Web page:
I  lost many plants this Winter and I'm still mourning their loss.
Mostly the money I spent on them! lol

I lost all the little foxglove 4" cups that I planted last Fall,
and many plants that have resided in the garden for four or more years.

I lucked out with the lavender though.
Lavender is typically a zone 5 plant and last Fall I planted 25
new plants. I have a lot of lavender in this garden, but wanted more
to harvest because I make a lot of sachets for gifts and never have all that I need.

They all survived and I am so pleased.
 It almost makes up for the plants I lost.

The Camperdown elm tree is budding.
I LOVE this tree.
It is a favorite with the grandchildren too.
They call it the 'faerie tree' because when the girls were younger they were sure that
the faeries lived under it's branches.
I let the branches grow clear to the ground and it makes a little 'room' under the leafy branches.
Perfect for little grandchildren to play under.
One year I discovered 2 children's chairs and a little iron child's table and dolls
and all the things needed to play house properly under there
after the kids all went home.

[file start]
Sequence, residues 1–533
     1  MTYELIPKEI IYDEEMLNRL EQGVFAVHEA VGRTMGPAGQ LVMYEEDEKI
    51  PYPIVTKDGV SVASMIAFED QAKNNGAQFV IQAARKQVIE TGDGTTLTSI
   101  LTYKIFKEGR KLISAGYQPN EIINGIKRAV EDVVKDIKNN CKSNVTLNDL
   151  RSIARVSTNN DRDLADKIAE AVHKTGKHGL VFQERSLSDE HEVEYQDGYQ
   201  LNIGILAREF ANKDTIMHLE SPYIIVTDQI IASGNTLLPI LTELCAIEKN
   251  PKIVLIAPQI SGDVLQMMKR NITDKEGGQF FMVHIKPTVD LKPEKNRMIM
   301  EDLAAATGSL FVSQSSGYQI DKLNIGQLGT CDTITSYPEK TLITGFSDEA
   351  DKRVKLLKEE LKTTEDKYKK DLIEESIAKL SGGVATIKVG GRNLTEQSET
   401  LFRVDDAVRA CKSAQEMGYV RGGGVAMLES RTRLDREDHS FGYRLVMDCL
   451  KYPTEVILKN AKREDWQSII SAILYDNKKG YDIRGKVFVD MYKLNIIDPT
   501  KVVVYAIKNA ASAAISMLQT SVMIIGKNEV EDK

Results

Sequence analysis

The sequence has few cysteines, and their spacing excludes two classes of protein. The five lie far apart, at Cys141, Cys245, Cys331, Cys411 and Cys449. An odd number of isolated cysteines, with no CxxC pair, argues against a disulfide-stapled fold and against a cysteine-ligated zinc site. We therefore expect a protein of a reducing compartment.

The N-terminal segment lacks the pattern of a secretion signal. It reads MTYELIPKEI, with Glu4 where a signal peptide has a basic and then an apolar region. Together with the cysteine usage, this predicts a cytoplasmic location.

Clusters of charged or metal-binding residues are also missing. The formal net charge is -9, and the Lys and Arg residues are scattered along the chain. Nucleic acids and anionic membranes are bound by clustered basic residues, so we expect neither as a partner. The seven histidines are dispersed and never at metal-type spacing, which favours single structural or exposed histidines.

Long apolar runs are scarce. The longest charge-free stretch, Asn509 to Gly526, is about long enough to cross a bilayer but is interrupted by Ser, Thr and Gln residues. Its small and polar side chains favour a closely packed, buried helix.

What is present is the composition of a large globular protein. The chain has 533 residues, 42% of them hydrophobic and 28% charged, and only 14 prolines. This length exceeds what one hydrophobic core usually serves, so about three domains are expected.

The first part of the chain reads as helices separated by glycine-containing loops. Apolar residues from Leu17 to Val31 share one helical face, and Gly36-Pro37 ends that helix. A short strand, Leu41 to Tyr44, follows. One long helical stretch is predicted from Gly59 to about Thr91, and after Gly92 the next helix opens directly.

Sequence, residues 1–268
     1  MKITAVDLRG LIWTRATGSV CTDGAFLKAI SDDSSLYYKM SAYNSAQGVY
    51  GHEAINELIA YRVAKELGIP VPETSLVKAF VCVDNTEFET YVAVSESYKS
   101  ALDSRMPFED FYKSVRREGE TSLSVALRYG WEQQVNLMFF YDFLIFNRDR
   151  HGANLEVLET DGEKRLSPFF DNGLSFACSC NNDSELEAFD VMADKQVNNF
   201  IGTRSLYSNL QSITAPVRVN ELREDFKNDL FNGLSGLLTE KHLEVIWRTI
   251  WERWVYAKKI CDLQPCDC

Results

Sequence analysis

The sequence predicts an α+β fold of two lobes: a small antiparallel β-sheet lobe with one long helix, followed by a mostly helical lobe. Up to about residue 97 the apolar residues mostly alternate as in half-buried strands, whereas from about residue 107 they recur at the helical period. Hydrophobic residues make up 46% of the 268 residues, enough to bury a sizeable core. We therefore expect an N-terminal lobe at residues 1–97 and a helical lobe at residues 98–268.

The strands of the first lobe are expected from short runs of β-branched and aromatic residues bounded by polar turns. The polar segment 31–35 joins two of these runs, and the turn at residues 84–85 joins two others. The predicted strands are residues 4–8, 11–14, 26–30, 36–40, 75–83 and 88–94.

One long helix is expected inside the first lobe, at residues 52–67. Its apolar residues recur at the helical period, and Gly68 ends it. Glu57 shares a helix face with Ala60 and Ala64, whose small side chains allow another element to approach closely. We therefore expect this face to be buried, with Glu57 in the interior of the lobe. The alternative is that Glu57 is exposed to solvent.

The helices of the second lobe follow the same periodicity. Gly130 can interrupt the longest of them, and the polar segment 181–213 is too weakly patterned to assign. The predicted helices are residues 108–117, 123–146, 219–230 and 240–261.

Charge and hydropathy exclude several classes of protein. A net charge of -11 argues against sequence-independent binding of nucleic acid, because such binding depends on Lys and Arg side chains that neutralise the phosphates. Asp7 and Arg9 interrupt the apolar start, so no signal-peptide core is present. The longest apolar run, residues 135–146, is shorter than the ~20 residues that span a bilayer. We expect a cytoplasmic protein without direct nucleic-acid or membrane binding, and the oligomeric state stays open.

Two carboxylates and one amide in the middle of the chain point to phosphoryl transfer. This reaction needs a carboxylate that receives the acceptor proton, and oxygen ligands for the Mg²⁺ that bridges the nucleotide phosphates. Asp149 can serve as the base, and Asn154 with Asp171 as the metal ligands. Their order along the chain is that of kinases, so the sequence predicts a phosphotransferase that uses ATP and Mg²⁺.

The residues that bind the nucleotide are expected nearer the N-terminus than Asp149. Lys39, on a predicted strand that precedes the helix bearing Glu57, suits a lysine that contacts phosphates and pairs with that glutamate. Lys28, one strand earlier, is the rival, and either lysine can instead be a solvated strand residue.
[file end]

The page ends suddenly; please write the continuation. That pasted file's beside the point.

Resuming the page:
Some people prune the branched up high and thus the nickname of
Umbrella tree.

Some of the daffodils are blooming now, so I took the time to take a few pictures today.

It's so funny how I come out here and get to working and just lose track of time.
I spent three hours straight just weeding before even going in the house this morning.
I love that!

Dale started building a large vine trellis for me today.
I wanted it out of 'barky' poles. I wanted it to looked rustic and rugged.
I saw the idea in a gardening magazine a few years ago and had torn the page out and
saved it. I came across it again this Winter and a few days ago 
shared it with Dale and he actually said he would build it for me.
No complaining or anything, just went and bought the poles and started it.
I'm a happy girl!!!

It should be completed soon and then I will be planting some vines to cover it.
I think I'll put some climbing roses on it as well for color.
It won't look great this Summer, but in a year or two, it will be amazing.

Tomorrow promises to be another beautiful day
so that means several more hours in the beds weeding.
I probably have about three more days of weeding
and then I start edging the beds. Tedious work because I do it all with a shovel.
I love a freshly edged bed though, so it is worth the work...
and it's great for my waistline!